In November of last year, leaders from across the country met in San Antonio for the National League of Cities’ City Summit to learn from one another and exchange ideas on the issues affecting their cities. Of those issues, cybersecurity was one of the biggest on leaders’ minds. It is not difficult to understand why: from maintaining voter rolls to directing traffic and fielding 911 calls, almost every civic function of today’s modern city is facilitated, housed, or carried out on digital systems.
When these systems are compromised, the real-world effects can be devastating. This year alone saw dozens of government agency servers in multiple states and localities forced temporarily offline because of ransomware attacks – from city halls and school districts, to state departments of motor vehicles and health and human services. Not only are these attacks costly – the cost in time and energy of responding IT staff, downtime costs, or the cost of paid ransoms, etc. – but the hit to constituent confidence in their local government can be equally steep.
As the nation’s risk advisor and lead civilian agency charged with safeguarding the nation’s cyberspace, we at the Cybersecurity and Infrastructure Security Agency (CISA) engage with leaders such as yourselves, sharing our expertise to support you in your efforts to secure your municipal cyberspace and ensure the integrity and reliability of your services. Having an effective cybersecurity strategy requires more than simply an awareness of tactics, it also requires a new way of thinking. Just as officials would prepare their city for a severe weather event, cyber risks should be treated with planning, capacity building, investment, and a holistic risk management approach.
The challenge is that unlike boarding up windows and filling sandbags to limit physical damage from a storm surge, the essential practices for limiting damage from cyber risks are less obvious. We often hear, “Where do I start?” In response to this question, we published our answer: the CISA Cyber Essentials.
As leaders, the continued success and security of your cities depends on you – and that increasingly involves making decisions that affect your city’s cyber readiness. The shift toward greater cyber readiness is cultural as much as it is tactical. This shift can be especially challenging for elected leaders and public officials without IT backgrounds or the resources to hire outside experts. CISA designed the Cyber Essentials to address this challenge directly by providing a leadership-driven guide aimed at helping leaders understand and facilitate conversations with IT personnel for building a Culture of Cyber Readiness from the ground up.
CISA collaborated with local government agencies and small businesses to shape our expertise and years of experience helping to secure civilian Federal networks into six Essential Elements of forming a Culture of Cyber Readiness:
- Yourself (the leader);
- Your Staff (the users);
- Your Systems (what makes you operational);
- Your Surroundings (the digital workplace);
- Your Data (what your organization is built on);
- Your Actions Under Stress (the strategy for responding to and recovering from compromise).
When converted into specific actions for building up each element of the Culture of Cyber Readiness, these become:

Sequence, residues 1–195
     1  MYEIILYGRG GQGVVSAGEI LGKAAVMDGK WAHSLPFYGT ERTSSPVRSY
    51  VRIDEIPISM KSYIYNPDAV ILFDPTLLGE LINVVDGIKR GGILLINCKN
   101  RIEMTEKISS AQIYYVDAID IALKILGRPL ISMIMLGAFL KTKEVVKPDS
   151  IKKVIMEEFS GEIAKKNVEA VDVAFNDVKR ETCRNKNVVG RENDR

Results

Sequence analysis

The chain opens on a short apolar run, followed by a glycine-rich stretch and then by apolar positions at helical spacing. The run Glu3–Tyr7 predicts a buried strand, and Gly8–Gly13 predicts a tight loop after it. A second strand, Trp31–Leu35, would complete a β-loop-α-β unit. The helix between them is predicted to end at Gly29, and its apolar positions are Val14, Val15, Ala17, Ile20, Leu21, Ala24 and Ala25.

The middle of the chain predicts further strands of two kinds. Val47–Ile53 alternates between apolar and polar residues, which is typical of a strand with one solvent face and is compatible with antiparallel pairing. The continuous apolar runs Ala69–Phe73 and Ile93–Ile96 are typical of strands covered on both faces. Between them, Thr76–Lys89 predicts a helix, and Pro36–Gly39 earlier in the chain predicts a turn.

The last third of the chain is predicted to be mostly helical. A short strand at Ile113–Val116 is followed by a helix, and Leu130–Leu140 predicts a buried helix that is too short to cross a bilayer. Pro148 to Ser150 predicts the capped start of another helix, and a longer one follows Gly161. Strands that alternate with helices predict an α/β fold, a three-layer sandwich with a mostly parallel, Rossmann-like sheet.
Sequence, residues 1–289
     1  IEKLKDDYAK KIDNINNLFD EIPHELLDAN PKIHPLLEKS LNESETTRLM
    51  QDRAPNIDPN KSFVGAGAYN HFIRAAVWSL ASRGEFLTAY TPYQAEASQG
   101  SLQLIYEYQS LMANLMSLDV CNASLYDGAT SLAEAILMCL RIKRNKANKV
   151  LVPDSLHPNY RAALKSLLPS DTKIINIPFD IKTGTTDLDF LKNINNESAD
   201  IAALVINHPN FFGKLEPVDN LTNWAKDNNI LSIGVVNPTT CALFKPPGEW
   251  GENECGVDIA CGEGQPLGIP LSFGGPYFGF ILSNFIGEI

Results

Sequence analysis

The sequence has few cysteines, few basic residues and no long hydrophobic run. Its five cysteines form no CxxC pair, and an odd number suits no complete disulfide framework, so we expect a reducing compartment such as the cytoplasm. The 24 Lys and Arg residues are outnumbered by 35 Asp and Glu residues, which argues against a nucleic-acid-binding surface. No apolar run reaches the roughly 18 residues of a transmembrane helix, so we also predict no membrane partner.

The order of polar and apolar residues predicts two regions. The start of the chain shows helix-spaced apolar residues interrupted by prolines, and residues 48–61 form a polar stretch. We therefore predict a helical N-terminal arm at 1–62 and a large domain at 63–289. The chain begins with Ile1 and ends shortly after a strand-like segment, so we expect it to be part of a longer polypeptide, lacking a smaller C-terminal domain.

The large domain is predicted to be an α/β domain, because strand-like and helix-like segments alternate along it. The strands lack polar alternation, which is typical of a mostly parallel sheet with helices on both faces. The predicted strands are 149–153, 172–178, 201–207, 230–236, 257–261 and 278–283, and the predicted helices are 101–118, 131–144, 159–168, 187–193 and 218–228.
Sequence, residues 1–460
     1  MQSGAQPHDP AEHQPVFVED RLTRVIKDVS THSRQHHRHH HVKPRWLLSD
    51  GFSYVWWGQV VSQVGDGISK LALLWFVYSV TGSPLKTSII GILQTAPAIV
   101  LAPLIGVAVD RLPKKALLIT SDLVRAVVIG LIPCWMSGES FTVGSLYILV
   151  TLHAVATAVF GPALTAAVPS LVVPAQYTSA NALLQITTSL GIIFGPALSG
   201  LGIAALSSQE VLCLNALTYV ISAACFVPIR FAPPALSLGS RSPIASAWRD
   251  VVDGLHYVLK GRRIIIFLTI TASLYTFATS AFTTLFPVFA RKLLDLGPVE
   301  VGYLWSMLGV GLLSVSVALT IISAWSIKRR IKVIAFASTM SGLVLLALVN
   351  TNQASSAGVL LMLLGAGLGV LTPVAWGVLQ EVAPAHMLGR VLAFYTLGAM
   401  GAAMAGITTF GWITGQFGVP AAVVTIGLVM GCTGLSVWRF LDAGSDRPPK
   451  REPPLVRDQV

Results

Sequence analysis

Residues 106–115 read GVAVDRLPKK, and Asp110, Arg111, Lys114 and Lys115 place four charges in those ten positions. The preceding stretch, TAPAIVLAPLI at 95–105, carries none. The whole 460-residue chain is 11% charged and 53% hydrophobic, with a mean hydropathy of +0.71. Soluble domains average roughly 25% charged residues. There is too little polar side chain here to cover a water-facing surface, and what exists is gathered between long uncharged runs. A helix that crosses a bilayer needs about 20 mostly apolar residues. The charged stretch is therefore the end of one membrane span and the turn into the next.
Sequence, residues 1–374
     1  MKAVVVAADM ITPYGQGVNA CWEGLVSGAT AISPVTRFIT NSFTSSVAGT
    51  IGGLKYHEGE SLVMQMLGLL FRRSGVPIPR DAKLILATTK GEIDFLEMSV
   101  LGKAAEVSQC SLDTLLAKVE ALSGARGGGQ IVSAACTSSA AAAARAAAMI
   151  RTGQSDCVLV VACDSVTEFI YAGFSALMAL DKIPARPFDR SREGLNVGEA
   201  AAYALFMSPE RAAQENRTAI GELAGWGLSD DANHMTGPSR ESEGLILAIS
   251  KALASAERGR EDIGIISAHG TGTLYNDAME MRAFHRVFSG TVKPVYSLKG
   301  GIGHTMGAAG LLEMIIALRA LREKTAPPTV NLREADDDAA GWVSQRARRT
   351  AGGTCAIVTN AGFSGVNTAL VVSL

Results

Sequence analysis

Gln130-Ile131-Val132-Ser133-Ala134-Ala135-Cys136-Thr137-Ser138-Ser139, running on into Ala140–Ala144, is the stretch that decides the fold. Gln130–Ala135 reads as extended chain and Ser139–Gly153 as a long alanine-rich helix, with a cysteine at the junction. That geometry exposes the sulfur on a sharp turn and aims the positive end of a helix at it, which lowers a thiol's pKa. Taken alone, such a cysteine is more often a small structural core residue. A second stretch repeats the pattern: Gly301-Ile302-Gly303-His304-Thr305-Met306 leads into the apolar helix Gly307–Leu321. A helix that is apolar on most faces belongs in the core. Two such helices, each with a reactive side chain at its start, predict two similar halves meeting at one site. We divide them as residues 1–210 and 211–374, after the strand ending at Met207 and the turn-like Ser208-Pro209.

- Drive cybersecurity strategy, investment, and culture (Yourself);
- Develop security awareness and vigilance (Your Staff);
- Protect critical assets and applications (Your Systems);
- Ensure only those who belong on your digital workplace have access (Your Surroundings);
- Make backups and avoid the loss of information critical to operations (Your Data); and
- Limit damage and quicken restoration of normal operations (Your Actions Under Stress).
Together with the implementation steps listed for each Essential Element, these constitute the basics of thinking about and preparing for cyber risks.
CISA intends for this to be the first of many Cyber Essentials product releases. In the coming months, we will be developing a toolkit that provides users with additional detail on each Essential and links them to helpful resources for implementation. We will also continue to partner with organizations like the National League of Cities to get the word out about the Cyber Essentials and collaborate with us in developing the toolkit.
Finally, CISA recognizes that fully realizing a Culture of Cyber Readiness will look different for each organization based on their unique requirements, resources, and missions. Because of this, we encourage everyone to make the Cyber Essentials their own, and even collaborate with your peers to develop customized implementation toolkits specific to your industry or agency type that we can then link to and share on a national level.
We are excited for you to join us in raising the bar in cybersecurity across all levels of government. To learn more about the Cyber Essentials, visit www.CISA.gov/Cyber-Essentials.
About the Author: Bradford Willke serves as the Assistant Director (Acting) for Stakeholder Engagement, Cybersecurity and Infrastructure Security Agency (CISA). He leads the Agency’s strategic relationship formation and management for its stakeholders, partners, and customers. His team provides a “front door” to customers looking for CISA’s capacity building and risk reducing products and services; and his programs convene industry, state and local government, academic, and non-profit partners to channel common goals and objectives into meaningful community of interest outcomes to manage national risk.